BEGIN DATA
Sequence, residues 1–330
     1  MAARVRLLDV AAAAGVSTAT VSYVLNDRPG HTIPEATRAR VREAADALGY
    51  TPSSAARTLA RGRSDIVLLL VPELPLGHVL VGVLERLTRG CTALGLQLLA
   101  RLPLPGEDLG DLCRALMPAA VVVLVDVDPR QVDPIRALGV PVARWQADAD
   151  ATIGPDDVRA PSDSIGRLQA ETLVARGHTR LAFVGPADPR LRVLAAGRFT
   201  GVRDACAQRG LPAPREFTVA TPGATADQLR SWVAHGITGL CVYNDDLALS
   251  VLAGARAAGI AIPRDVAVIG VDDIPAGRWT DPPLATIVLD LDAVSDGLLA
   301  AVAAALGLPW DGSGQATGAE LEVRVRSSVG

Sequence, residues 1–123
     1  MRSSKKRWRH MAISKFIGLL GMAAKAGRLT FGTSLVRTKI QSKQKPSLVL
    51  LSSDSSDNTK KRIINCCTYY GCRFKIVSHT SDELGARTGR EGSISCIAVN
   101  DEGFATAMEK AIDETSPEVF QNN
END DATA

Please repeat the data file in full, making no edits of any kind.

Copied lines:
Sequence, residues 1–330
     1  MAARVRLLDV AAAAGVSTAT VSYVLNDRPG HTIPEATRAR VREAADALGY
    51  TPSSAARTLA RGRSDIVLLL VPELPLGHVL VGVLERLTRG CTALGLQLLA
   101  RLPLPGEDLG DLCRALMPAA VVVLVDVDPR QVDPIRALGV PVARWQADAD
   151  ATIGPDDVRA PSDSIGRLQA ETLVARGHTR LAFVGPADPR LRVLAAGRFT
   201  GVRDACAQRG LPAPREFTVA TPGATADQLR SWVAHGITGL CVYNDDLALS
   251  VLAGARAAGI AIPRDVAVIG VDDIPAGRWT DPPLATIVLD LDAVSDGLLA
   301  AVAAALGLPW DGSGQATGAE LEVRVRSSVG

Sequence, residues 1–123
     1  MRSSKKRWRH MAISKFIGLL GMAAKAGRLT FGTSLVRTKI QSKQKPSLVL
    51  LSSDSSDNTK KRIINCCTYY GCRFKIVSHT SDELGARTGR EGSISCIAVN
   101  DEGFATAMEK AIDETSPEVF QNN